revdorothyl: missmurchsion made this (Laputa)
Add MemoryShare This Entry
posted by [personal profile] revdorothyl at 03:50pm on 15/08/2014 under
Some pics my sister took of our garden and SOME of our freshly picked produce today.



View of the raspberries and raised beds through the trellis (with the compost piles safely behind us):

garden 1

Slightly different view of the back yard and rear of our little house:

back yard 1

Closer view of our raised garden beds:

raised beds

Rabbit-proof (we hope!) fencing around our too-accessible garden beds:

rabbit-proofed

One of our MANY heirloom tomato plants:

heirloom tomato

Next to the driveway:

flowers1x

More of my sister's hardy and lovely flowers:

flowers2x

Close-up of the Green Zebra heirloom tomato plant in the big blue raised bed:

green zebras2x

Close-up of one of our Alpine Strawberry plants (still blooming away):

strawberrries1x

Golf-ball- to tennis-ball-sized Sungella tomato harvest (today's contribution):

sungella tomatos
There are 9 comments on this entry. (Reply.)
jerusha: (cooking)
posted by [personal profile] jerusha at 12:32am on 16/08/2014
It all looks wonderful!
 
posted by [identity profile] revdorothyl.livejournal.com at 01:55am on 16/08/2014
Thanks!

Since I'm currently immobilized with this broken ankle (who knew that high Presbyterian pulpits could be so hazardous?), my sister's pictures are what I turn to instead of being able to go out to the garden myself. :(
 
posted by [identity profile] missmurchison.livejournal.com at 11:38pm on 16/08/2014
It looks even better than when we were there last month! I'm jealous of your harvest, but I don't have your gardening skills.

I got back from Yellowstone to see exactly one ripe tomato, but when I grabbed it, I discovered the local chipmunks had eaten 80 percent of it, hollowing it out from behind and inside, leaving a deceptive half-globe facing the porch.
 
posted by [identity profile] revdorothyl.livejournal.com at 03:08am on 17/08/2014
I hate it when they do that! It's sneaky as well as destructive, and they don't even have the decency to 'clean their plate', when all's said and done. :(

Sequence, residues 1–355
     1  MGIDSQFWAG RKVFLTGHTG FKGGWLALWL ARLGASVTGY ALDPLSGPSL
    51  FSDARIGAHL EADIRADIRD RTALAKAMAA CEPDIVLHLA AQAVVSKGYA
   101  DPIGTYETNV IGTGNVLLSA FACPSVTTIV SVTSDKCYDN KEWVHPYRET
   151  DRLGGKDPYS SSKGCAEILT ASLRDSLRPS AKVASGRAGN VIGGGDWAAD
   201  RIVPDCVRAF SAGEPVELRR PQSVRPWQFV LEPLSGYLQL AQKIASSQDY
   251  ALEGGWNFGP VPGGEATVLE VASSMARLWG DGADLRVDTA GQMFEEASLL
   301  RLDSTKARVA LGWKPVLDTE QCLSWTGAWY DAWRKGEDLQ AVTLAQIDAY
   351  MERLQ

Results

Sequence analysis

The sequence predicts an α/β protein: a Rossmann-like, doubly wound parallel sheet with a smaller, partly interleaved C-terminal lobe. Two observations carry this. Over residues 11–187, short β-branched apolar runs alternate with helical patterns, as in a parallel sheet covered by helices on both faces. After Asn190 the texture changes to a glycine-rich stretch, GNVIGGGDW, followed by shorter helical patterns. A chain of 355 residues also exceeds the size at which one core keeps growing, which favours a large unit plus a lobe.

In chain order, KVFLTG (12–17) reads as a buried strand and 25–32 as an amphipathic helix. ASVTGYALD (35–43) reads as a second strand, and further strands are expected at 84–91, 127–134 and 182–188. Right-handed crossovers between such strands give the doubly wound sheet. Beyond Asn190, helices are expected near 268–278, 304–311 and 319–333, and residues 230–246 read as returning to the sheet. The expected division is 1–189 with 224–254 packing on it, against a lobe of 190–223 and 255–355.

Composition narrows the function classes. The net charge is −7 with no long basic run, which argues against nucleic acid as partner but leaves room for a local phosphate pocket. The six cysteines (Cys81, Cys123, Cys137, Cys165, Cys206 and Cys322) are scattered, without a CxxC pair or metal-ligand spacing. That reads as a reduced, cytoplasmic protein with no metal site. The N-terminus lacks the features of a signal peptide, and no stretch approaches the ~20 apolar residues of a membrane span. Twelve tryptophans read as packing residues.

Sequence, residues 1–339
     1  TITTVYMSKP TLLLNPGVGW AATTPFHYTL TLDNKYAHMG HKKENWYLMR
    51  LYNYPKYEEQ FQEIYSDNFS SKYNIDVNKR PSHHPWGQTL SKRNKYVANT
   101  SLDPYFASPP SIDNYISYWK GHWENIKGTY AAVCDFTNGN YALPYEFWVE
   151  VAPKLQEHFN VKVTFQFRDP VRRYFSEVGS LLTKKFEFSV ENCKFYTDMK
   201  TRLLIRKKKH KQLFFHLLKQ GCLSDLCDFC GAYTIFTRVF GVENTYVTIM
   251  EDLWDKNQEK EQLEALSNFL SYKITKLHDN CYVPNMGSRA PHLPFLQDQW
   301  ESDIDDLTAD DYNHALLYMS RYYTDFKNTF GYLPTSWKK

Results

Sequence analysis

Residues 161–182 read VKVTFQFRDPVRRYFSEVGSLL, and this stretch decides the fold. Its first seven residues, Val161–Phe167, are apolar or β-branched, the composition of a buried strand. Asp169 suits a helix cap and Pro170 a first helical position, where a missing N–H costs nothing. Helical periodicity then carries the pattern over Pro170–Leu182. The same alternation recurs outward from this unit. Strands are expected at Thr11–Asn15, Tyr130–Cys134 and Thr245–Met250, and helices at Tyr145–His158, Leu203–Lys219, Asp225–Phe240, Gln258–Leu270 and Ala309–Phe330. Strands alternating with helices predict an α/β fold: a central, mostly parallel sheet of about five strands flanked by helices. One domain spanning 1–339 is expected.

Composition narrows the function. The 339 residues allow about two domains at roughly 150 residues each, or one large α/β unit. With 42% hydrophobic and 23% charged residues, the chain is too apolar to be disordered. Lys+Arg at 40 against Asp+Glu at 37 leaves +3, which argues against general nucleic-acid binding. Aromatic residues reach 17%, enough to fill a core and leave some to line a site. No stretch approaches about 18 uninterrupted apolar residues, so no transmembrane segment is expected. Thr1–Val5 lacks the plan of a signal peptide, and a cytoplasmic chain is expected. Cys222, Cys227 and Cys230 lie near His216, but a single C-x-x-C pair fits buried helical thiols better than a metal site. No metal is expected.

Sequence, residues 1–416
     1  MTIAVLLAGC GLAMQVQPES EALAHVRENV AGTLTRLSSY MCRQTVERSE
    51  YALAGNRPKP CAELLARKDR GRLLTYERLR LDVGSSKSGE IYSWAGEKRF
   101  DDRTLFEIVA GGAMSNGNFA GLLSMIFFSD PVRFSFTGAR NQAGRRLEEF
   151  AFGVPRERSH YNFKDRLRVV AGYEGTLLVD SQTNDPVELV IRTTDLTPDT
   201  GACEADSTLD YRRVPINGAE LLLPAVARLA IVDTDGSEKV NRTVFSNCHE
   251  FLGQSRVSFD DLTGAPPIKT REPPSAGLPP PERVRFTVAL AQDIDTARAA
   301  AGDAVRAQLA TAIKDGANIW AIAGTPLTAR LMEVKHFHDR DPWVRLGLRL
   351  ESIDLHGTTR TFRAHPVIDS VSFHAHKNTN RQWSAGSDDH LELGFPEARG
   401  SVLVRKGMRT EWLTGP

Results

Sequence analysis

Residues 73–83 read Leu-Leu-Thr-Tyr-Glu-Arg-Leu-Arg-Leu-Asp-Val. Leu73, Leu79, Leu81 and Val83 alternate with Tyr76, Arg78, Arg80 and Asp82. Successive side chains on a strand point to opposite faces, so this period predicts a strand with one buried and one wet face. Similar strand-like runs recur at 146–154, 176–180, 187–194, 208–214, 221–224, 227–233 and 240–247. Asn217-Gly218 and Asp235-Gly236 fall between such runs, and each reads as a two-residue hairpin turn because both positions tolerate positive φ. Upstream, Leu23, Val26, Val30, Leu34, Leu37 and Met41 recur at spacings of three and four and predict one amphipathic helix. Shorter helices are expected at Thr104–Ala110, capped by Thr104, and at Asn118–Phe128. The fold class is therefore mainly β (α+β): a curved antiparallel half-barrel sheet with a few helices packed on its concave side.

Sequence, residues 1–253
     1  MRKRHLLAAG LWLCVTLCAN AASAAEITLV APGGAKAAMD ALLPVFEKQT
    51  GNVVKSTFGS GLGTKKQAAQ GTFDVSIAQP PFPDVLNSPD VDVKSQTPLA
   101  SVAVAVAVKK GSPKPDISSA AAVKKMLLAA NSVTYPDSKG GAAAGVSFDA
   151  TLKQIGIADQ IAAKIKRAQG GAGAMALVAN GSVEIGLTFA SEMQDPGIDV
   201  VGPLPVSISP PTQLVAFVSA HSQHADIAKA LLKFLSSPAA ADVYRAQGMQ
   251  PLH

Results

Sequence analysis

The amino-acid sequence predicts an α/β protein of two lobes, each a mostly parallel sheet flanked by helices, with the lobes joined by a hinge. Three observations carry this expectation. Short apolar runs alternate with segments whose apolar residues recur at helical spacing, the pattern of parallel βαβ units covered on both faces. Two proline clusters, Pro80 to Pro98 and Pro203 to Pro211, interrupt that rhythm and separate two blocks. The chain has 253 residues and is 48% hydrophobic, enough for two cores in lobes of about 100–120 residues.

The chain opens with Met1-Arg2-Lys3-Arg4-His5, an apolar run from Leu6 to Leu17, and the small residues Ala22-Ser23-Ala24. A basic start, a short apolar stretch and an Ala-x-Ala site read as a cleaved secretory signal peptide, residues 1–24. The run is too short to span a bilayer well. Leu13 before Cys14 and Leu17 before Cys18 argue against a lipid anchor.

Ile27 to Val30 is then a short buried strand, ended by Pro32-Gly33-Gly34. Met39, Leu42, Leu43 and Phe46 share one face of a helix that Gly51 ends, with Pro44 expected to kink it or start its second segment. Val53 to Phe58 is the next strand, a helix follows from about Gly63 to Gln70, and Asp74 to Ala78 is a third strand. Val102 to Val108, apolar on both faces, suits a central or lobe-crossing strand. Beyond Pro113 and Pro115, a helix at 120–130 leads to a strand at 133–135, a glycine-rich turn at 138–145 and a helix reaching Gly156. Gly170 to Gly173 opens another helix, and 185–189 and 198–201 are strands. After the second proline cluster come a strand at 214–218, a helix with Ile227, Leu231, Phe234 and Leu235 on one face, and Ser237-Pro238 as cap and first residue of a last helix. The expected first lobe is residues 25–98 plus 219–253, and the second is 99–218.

posted by [identity profile] texanfan.livejournal.com at 03:22am on 17/08/2014
Lovely!
 
posted by [identity profile] revdorothyl.livejournal.com at 04:29am on 17/08/2014
Thank you! :)
 
posted by [identity profile] apeygirl.livejournal.com at 03:15am on 01/10/2014
That looks gorgeous and delicious. I hope you put all that to good use. There's nothing like an excess of veggies to help you get creative in the kitchen. :)
 
posted by [identity profile] revdorothyl.livejournal.com at 06:08am on 01/10/2014
I've been discovering new and creative ways to sneak fresh tomatoes into most everything I make (not to mention, re-learning the fine art of skinning fresh tomatoes for canning and freezing!).

It turns out that most of the assorted heirloom tomato varieties we planted first (I got a collection of four different, unspecified heirloom plants from Hirts') were huge beefsteak-like varietals in pinkish-orange and yellow and red stripes or plain gold, etc., which are really good eating in any form (I often put a plate of thick slices on the table as a side-dish, lightly sprinkled with salt-free Mrs. Dash and some fresh-cracked pepper and sea salt).

And the cherry tomato plants I grew from an unused packet of seed from a year or two ago have gone crazy in the garden, completely burying half of the purple bush beans (though we still get a fist-full of beans to cook each week), all of the snow-peas (alas, poor snow-peas!), the tiny Italian onion sets I grew from seed (R.I.P., little onions!), and half the basil plants I grew from seed and then transplanted outdoors (but I still got more than enough basil for fresh use and to freeze pesto for the winter).

The other monster in the garden turned out to be my pineapple tomatillo plants, that were ever-so-slow to get started, but which eventually grew to mammoth proportions before setting their first fruit, leaving no sunlight for my poor multi-colored bell pepper plants and other near neighbors. Worse yet, we discovered that we don't really like pineapple tomatillos (which are tiny and soft and golden when ripe) in salsa, since we don't make or use fruity gourmet salsas, but only red and green savory salsas of the standard varieties. So, a couple of weeks ago we finally pulled out all the 5-foot-tall and densely fruited pineapple tomatillo plants by their roots, consigning them to the compost piles, rather than let them continue to hog the sun and rain and soil for no good purpose. Oh, well -- live and learn! :)
 
posted by [identity profile] apeygirl.livejournal.com at 02:28am on 02/10/2014
I'm a definite fan of savory/spicy salsa over sweet salsa, too. I live in Cali and everyone's always like "OMG, try this salsa!" and then it's got peaches or mangoes in it and I have to pretend I don't want to spit it out. Fruit's only okay on ham and that's just how I feel! LOL.

Have you tried salsa with roasted chipotle? Because MMMMMMM!!!

I'm jealous as Cali soil is not good for tomatoes, really (though we grow citrus easy as pie). One summer, I did get an okay yield and I made so much sauce to freeze ahead and just became a fan of tomato on the side of almost any meal. I love them stewed on the side of sausages roasted with potatoes or just broiled with a little breadcrumb on top.

I'm just a tomato lover!
Edited Date: 2014-10-02 02:29 am (UTC)

September

SunMonTueWedThuFriSat
  1
 
2
 
3
 
4
 
5
 
6
7 8
 
9
 
10
 
11
 
12
 
13
 
14
 
15
 
16
 
17
 
18
 
19
 
20
 
21
 
22
 
23
 
24
 
25
 
26
 
27
28
 
29
 
30